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A Spring Cleaning Checklist to Increase Workplace Productivity

A Spring Cleaning Checklist to Increase Workplace Productivity

The following is an excerpt from Fully Charged: How Great Leaders Boost Their Organization’s Energy and Ignite High Performance by Heike Bruch and Bernd Vogel (Harvard Business Review Press)

By: Heike Bruch and Bernd Vogel

Every year in the springtime, some companies institute what we call a spring cleaning. But companies caught in the acceleration trap will want to do this immediately, regardless of the season.

Instituting a Spring Cleaning
Typically, company leaders, particular departments, or sometimes the entire company will meet or conduct a workshop to analyze all existing activities to differentiate between what is of central strategic importance and what isn’t. As a leader, you should divide all company activities into three categories:

  • Those considered very important and that need the most focus and energy
  • Those that are central but not urgent and that can easily be put on hold
  • Those that are truly unimportant and that the company can and should stop doing immediately.

At the end of this process, leaders report feeling refocused, reenergized, and refreshed, knowing that the company can now pursue its most important tasks with much more attention and energy.

For example, when the Otto Group went through a restructuring, managers found themselves burdened with 20 to 30 percent more work. So the company initiated a spring cleaning.

Each executive was asked to select a single project that he or she wanted to complete by all means. But that still left too many in play, according to Thomas Grünes, then head of central services. The list was then halved, according to each project’s required investment, its value-to-cost ratio, and, in certain cases, its symbolic value for employees.

For example, the final list included a redesign of reception areas and staff restaurants, which increased pride and performance “and thus was a very important initiative, although the economic value was not obvious,” Grünes told us.

At the end of the process, the managers had reduced their activities and projects by 50 percent. The other half of the projects were filed away, to be reconsidered during future spring cleanings.

To guard against bloat, the company has made this winnowing process an annual activity. Grünes stressed that in the end, the decision about which projects are initiated isn’t a question of whether there’s a particularly powerful executive behind them -- rather, the group selects only those that it can argue are reasonable to do and that are key for meeting company goals.

Be Sure to Cultivate Positive Change
Of course, a spring cleaning isn’t always a positive experience. You might have trouble letting go of pet projects. And sometimes, your company culture can get in the way of the workshop. For example, in a culture where commitment and reliability are guiding values, you might find it particularly hard not to complete activities you’ve already started.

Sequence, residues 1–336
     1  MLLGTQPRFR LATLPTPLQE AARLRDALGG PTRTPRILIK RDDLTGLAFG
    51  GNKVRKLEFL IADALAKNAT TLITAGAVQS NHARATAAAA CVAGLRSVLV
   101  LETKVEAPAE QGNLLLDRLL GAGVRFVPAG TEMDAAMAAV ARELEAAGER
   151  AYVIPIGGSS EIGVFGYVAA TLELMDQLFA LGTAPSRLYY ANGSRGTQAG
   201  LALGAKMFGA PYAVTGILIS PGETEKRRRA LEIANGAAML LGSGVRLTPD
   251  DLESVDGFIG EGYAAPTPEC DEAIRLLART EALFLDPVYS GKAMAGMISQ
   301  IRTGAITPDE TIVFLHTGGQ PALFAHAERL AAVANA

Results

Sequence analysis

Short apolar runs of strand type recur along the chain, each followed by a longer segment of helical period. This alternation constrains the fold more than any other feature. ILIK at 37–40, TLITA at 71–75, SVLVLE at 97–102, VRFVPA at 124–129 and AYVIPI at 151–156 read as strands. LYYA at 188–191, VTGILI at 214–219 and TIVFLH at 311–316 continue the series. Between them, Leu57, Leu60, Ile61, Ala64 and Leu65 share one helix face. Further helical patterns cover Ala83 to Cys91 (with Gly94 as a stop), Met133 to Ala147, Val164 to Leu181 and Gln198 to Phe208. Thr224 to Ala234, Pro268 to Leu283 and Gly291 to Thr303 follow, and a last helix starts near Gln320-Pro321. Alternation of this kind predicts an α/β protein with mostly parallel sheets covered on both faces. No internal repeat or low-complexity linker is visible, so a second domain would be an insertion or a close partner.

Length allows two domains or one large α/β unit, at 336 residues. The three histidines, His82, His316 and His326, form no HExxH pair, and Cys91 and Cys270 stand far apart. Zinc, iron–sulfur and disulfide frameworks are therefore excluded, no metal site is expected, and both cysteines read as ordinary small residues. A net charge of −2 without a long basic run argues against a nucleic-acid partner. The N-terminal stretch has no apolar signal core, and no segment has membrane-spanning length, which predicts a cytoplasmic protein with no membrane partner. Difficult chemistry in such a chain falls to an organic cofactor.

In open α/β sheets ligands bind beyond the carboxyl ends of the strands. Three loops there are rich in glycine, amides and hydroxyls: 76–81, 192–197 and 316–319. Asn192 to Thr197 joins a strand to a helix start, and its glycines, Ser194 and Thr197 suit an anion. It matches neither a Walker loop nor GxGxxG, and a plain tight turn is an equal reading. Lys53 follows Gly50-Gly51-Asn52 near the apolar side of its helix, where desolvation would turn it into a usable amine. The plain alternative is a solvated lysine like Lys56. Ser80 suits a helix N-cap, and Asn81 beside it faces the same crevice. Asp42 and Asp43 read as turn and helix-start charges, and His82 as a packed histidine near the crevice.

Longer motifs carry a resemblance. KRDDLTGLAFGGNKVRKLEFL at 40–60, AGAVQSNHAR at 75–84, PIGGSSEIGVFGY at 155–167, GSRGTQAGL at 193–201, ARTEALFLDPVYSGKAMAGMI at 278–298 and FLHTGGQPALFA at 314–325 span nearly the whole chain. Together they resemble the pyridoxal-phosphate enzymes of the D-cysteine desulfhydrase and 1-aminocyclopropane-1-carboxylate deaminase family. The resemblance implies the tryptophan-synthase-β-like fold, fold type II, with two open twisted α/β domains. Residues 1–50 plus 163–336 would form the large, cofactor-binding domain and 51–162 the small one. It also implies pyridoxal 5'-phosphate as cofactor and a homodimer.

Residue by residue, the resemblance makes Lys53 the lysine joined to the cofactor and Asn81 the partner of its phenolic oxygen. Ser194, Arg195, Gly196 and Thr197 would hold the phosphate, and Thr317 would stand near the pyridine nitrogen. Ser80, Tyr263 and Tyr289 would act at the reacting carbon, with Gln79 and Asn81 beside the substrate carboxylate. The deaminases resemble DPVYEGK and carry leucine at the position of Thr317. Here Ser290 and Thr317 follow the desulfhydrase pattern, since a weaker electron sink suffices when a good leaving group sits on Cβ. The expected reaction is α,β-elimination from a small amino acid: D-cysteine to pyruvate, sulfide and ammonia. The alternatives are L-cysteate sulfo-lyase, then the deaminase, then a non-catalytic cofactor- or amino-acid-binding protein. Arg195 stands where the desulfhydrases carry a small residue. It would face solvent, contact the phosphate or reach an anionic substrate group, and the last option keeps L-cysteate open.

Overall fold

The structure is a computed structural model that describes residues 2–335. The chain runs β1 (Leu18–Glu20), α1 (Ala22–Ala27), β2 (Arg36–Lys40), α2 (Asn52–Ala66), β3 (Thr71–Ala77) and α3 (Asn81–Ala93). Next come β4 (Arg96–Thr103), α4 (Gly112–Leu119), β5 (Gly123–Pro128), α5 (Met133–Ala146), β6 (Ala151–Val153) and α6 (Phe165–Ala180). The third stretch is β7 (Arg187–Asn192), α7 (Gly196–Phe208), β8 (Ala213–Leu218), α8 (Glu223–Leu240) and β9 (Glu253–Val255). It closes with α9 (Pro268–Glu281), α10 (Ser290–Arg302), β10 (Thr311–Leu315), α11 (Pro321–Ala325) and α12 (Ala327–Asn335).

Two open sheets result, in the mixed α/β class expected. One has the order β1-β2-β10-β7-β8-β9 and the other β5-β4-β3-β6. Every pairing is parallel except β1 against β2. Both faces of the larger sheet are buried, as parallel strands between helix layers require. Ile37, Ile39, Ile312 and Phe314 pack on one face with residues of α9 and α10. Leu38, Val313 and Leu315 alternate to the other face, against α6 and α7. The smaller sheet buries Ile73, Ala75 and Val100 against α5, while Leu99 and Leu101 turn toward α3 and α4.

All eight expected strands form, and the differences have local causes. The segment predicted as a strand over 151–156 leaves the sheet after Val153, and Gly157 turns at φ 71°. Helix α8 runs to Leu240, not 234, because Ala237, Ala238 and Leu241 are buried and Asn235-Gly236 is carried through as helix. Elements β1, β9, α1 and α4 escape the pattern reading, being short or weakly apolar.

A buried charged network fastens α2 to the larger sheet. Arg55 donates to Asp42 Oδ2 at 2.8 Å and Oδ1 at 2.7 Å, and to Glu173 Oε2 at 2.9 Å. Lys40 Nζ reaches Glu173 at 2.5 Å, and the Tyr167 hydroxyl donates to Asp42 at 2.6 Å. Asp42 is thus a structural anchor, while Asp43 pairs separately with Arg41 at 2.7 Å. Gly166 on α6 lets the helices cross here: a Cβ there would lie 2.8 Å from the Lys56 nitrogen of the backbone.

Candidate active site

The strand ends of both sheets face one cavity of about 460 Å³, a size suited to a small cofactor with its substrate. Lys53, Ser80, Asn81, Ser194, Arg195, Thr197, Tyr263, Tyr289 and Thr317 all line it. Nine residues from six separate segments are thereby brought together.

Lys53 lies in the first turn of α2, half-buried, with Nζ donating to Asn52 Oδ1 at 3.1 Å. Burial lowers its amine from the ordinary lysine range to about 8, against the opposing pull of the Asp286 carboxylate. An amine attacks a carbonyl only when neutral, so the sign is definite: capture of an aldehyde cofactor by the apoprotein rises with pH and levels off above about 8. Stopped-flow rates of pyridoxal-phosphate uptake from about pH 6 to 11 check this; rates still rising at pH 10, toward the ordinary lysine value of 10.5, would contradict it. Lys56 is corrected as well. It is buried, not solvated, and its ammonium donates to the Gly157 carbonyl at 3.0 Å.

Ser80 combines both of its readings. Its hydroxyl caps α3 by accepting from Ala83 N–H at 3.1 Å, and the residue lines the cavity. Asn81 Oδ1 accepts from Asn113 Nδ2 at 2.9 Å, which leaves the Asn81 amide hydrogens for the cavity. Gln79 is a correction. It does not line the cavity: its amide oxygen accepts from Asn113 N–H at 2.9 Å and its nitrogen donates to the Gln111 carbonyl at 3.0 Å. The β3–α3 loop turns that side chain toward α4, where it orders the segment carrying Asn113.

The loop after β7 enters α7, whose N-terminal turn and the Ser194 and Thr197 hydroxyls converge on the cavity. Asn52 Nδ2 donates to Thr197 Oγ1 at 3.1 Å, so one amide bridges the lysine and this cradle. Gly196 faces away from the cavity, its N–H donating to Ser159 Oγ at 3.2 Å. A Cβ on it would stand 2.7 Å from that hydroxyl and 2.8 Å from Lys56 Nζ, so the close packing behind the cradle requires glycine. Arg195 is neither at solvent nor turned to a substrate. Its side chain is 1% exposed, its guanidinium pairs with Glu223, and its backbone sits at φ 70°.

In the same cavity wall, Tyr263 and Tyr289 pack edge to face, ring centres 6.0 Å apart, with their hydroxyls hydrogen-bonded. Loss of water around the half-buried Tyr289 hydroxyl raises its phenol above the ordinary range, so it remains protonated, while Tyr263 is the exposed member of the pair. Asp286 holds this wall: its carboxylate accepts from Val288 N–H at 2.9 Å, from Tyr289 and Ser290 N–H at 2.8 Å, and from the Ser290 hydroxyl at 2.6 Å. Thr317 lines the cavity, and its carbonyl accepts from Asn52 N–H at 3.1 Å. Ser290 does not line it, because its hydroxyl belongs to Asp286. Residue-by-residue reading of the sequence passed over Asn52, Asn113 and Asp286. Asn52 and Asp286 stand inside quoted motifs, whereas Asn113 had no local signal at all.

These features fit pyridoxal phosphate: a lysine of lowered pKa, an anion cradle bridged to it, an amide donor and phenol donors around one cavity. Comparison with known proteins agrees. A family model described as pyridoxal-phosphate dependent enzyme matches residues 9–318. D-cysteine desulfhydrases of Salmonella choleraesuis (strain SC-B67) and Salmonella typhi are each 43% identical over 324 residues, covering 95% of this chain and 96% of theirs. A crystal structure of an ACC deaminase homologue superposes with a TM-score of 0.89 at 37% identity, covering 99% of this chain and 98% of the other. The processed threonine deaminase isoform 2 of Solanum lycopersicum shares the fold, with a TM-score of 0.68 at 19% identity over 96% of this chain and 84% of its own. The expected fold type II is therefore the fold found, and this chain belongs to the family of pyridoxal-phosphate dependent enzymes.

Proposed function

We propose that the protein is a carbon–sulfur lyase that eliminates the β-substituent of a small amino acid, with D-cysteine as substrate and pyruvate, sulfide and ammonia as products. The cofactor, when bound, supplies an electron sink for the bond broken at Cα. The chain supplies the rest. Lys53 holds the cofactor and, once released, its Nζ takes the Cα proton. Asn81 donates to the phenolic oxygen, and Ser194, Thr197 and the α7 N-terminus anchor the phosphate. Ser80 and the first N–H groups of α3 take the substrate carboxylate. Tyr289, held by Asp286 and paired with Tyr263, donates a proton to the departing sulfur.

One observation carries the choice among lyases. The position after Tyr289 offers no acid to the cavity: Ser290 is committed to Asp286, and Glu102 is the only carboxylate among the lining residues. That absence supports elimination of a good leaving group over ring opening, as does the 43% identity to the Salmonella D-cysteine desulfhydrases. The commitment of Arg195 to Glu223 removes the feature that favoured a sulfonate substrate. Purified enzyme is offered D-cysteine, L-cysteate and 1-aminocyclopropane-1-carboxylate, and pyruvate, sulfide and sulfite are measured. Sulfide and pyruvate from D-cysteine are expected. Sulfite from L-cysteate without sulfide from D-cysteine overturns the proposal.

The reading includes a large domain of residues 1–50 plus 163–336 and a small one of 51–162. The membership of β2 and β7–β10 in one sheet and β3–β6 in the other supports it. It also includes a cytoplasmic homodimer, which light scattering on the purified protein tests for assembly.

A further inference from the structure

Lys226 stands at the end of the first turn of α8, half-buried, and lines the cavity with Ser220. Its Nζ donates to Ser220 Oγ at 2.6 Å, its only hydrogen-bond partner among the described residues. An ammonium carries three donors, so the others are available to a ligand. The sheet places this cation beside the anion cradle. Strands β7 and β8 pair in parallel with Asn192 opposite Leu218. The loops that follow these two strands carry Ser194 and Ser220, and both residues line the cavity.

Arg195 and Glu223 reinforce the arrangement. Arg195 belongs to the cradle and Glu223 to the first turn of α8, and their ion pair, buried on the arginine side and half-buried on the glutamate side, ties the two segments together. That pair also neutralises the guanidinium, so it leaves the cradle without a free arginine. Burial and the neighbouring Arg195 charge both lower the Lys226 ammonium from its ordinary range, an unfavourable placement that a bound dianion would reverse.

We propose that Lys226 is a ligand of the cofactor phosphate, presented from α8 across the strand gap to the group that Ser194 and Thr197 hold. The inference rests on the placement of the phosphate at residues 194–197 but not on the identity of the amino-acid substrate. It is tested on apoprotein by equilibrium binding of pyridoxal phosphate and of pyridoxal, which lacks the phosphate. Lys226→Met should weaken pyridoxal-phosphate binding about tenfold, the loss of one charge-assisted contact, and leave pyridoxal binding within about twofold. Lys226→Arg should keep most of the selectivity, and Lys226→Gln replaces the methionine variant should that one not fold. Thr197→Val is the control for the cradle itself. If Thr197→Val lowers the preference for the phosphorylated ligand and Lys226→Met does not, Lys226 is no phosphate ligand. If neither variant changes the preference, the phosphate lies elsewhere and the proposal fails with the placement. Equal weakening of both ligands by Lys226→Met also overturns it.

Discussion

Keep in mind, too, that apart from escaping acceleration or using spring cleaning as an annual process, you can also use the method quite effectively when the company is engaged in a change involving rationalization, cost-cutting, or streamlining.

Often, the beginning of such change processes spawns new executive responsibilities on top of your old ones, as well as added acceleration of company activities, leading to job stress and exhaustion. By introducing a spring cleaning in the midst of such change, you reduce ineffective activities that only hinder forward movement.

Finally, you can also use spring cleaning when evaluating the results of an employee survey or when measuring organizational energy. Typically after such a survey, companies conduct workshops to generate ways to improve the problems that employees identified.

Our research has shown that, far from being helpful, these workshops often just add more stress to the workforce since they usually generate new tasks and responsibilities.

In companies already operating under the pressure of increasing business growth, employees see such new responsibilities as just more dead weight, additional work, and needless bureaucracy. In extreme cases, especially in companies already caught in an acceleration trap, employees purposefully list only positive responses in company surveys, simply to keep their workload from increasing -- making the whole process a farce.

A Spring Cleaning Checklist:

  • Challenge your company by asking, “What should we stop doing?”
  • Use the spring-cleaning method regularly, ideally every year and especially during change processes or after employee opinion surveys.
  • When you do decide on a spring cleaning, follow a specific, standardized protocol that is well understood by all participants.
  • Continually check the strategic importance of goals, tasks, and projects, and eliminate less-important activities.
  • Use three categories to differentiate activities: top priority, on hold, and stop doing.
  • Ask yourself, “What activities today would we not start again if we had not already begun them?”
  • Use spring cleaning at both the company level and the division or work-group level.
  • Involve all managers in the process.

Reprinted by permission of Harvard Business Review Press. Excerpted from Fully Charged: How Great Leaders Boost Their Organization’s Energy and Ignite High Performance. Copyright 2011 Heike Bruch and Bernd Vogel. All rights reserved.

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